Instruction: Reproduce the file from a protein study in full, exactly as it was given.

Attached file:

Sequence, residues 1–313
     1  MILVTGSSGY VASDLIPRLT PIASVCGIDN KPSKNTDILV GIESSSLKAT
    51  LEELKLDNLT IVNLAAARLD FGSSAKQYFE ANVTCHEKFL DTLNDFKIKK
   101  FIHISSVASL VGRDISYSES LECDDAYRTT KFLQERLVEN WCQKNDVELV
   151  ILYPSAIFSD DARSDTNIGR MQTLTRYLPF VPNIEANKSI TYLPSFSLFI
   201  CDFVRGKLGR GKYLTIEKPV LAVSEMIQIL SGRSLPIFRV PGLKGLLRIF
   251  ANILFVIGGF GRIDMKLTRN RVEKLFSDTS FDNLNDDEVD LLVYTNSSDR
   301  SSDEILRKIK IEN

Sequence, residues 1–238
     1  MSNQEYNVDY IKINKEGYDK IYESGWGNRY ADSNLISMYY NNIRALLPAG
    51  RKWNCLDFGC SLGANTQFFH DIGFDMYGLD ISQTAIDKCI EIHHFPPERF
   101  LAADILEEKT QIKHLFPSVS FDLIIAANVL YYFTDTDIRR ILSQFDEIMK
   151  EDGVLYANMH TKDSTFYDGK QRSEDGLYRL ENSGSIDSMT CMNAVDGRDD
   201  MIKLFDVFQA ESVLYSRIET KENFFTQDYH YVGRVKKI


Sequence, residues 1–313
     1  MILVTGSSGY VASDLIPRLT PIASVCGIDN KPSKNTDILV GIESSSLKAT
    51  LEELKLDNLT IVNLAAARLD FGSSAKQYFE ANVTCHEKFL DTLNDFKIKK
   101  FIHISSVASL VGRDISYSES LECDDAYRTT KFLQERLVEN WCQKNDVELV
   151  ILYPSAIFSD DARSDTNIGR MQTLTRYLPF VPNIEANKSI TYLPSFSLFI
   201  CDFVRGKLGR GKYLTIEKPV LAVSEMIQIL SGRSLPIFRV PGLKGLLRIF
   251  ANILFVIGGF GRIDMKLTRN RVEKLFSDTS FDNLNDDEVD LLVYTNSSDR
   301  SSDEILRKIK IEN

Sequence, residues 1–238
     1  MSNQEYNVDY IKINKEGYDK IYESGWGNRY ADSNLISMYY NNIRALLPAG
    51  RKWNCLDFGC SLGANTQFFH DIGFDMYGLD ISQTAIDKCI EIHHFPPERF
   101  LAADILEEKT QIKHLFPSVS FDLIIAANVL YYFTDTDIRR ILSQFDEIMK
   151  EDGVLYANMH TKDSTFYDGK QRSEDGLYRL ENSGSIDSMT CMNAVDGRDD
   201  MIKLFDVFQA ESVLYSRIET KENFFTQDYH YVGRVKKI